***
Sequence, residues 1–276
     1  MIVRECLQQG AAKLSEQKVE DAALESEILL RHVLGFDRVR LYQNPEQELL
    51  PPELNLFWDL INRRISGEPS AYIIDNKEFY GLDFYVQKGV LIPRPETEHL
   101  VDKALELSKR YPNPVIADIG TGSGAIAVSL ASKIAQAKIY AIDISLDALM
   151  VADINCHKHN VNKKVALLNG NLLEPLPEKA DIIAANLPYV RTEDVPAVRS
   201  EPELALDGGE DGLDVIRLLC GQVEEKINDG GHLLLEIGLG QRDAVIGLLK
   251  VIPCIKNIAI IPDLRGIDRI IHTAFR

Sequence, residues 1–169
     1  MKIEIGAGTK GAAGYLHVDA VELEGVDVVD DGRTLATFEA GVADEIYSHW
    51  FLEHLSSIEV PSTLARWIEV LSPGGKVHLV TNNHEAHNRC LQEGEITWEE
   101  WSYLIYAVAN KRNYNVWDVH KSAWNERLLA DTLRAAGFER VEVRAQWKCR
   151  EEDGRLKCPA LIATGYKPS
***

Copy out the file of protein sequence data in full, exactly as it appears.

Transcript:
Sequence, residues 1–276
     1  MIVRECLQQG AAKLSEQKVE DAALESEILL RHVLGFDRVR LYQNPEQELL
    51  PPELNLFWDL INRRISGEPS AYIIDNKEFY GLDFYVQKGV LIPRPETEHL
   101  VDKALELSKR YPNPVIADIG TGSGAIAVSL ASKIAQAKIY AIDISLDALM
   151  VADINCHKHN VNKKVALLNG NLLEPLPEKA DIIAANLPYV RTEDVPAVRS
   201  EPELALDGGE DGLDVIRLLC GQVEEKINDG GHLLLEIGLG QRDAVIGLLK
   251  VIPCIKNIAI IPDLRGIDRI IHTAFR

Sequence, residues 1–169
     1  MKIEIGAGTK GAAGYLHVDA VELEGVDVVD DGRTLATFEA GVADEIYSHW
    51  FLEHLSSIEV PSTLARWIEV LSPGGKVHLV TNNHEAHNRC LQEGEITWEE
   101  WSYLIYAVAN KRNYNVWDVH KSAWNERLLA DTLRAAGFER VEVRAQWKCR
   151  EEDGRLKCPA LIATGYKPS